My dad recently had an interesting problem at work related to serial ports. Since I use serial ports at work, he asked me for advice. They have third-party software which reads and analyzes sensor data from the serial port. It’s the only method this program has of inputting a stream of data and they’re unable to patch it. Unfortunately, they have another piece of software that needs to massage the data before this final program gets it. The data needs to be intercepted coming on the serial port somehow.

The solution they were aiming for was to create a pair of virtual serial ports. The filter software would read data in on the real serial port, output the filtered data into a virtual serial port which would be virtually connected to a second virtual serial port. The analysis software would then read from this second serial port. They couldn’t figure out how to set this up, short of buying a couple of USB/serial port adapters and plugging them into each other.

It turns out this is very easy to do on Unix-like systems. POSIX defines two functions, posix_openpt(3) and ptsname(3). The first one creates a pseudo-terminal — a virtual serial port — and returns a “master” file descriptor used to talk to it. The second provides the name of the pseudo-terminal device on the filesystem, usually named something like /dev/pts/5.

#define _GNU_SOURCE
#include <stdio.h>
#include <stdlib.h>
#include <fcntl.h>

int main()
    int fd = posix_openpt(O_RDWR | O_NOCTTY);
    printf("%s\n", ptsname(fd));
    /* ... read and write to fd ... */
    return 0;

The printed device name can be opened by software that’s expecting to access a serial port, such as minicom, and it can be communicated with as if by a pipe. This could be useful in testing a program’s serial port communication logic virtually.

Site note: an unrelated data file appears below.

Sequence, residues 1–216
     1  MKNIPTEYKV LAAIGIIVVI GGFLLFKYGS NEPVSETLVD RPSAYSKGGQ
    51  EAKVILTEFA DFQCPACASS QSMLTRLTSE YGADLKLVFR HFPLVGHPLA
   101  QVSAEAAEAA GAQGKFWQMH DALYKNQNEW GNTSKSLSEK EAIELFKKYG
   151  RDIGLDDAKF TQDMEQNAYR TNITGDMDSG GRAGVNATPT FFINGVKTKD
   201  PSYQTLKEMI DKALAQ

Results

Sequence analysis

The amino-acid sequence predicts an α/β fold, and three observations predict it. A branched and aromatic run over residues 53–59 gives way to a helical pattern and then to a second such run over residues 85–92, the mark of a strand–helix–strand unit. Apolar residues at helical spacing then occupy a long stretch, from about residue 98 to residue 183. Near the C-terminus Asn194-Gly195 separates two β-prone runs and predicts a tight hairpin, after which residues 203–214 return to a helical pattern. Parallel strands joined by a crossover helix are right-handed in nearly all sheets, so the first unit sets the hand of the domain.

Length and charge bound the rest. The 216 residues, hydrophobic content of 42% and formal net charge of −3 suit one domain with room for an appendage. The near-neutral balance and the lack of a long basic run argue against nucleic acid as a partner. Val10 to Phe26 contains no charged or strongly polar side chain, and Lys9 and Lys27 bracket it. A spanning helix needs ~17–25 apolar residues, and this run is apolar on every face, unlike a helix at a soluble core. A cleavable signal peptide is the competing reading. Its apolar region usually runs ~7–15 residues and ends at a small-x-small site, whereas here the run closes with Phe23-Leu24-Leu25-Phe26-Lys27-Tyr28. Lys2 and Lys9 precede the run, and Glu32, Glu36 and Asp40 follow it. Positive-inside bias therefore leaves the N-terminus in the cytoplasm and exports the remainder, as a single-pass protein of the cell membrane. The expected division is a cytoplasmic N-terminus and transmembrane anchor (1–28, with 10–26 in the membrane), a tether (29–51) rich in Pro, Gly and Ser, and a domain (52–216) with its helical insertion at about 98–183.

The reason for the unusually long name is because the function wasn’t added to POSIX until 1998 (Unix98). They were probably afraid of name collisions with software already using openpt() as a function name. The GNU C Library provides an extension getpt(3), which is just shorthand for the above.

int fd = getpt();

Pseudo-terminal functionality was available much earlier, of course. It could be done through the poorly designed openpty(3), added in BSD Unix.

int openpty(int *amaster, int *aslave, char *name,
            const struct termios *termp,
            const struct winsize *winp);

It accepts NULL for the last three arguments, allowing the user to ignore them. What makes it so bad is that string name. The user would pass it a chunk of allocated space and hope it was long enough for the file name. If not, openpty() would overwrite the end of the string and trash some memory. It’s highly unlikely to ever exceed something like 32 bytes, but it’s still a correctness problem.

The newer ptsname() is only slightly better however. It returns a string that doesn’t need to be free()d, because it’s static memory. However, that means the function is not re-entrant; it has issues in multi-threaded programs, since that string could be trashed at any instant by another call to ptsname(). Consider this case,

int fd0 = getpt();
int fd1 = getpt();
printf("%s %s\n", ptsname(fd0), ptsname(fd1));

ptsname() will be returning the same char * pointer each time it’s called, merely filling the pointed-to space before returning. Rather than printing two different device filenames, the above would print the same filename twice. The GNU C Library provides an extension to correct this flaw, as ptsname_r(), where the user provides the memory as before but also indicates its maximum size.

To make a one-way virtual connection between our pseudo-terminals, create two of them and do the typical buffer thing between the file descriptors (for succinctness, no checking for errors),

while (1) {
    char buffer;
    int in = read(pt0, &buffer, 1);
    write(pt1, &buffer, in);

Making a two-way connection would require the use of threads or select(2), but it wouldn’t be much more complicated.

While all this was new and interesting to me, it didn’t help my dad at all because they’re using Windows. These functions don’t exist there and creating virtual serial ports is a highly non-trivial, less-interesting process. Buying the two adapters and connecting them together is my recommended solution for Windows.

blog comments powered by Disqus

null program

Chris Wellons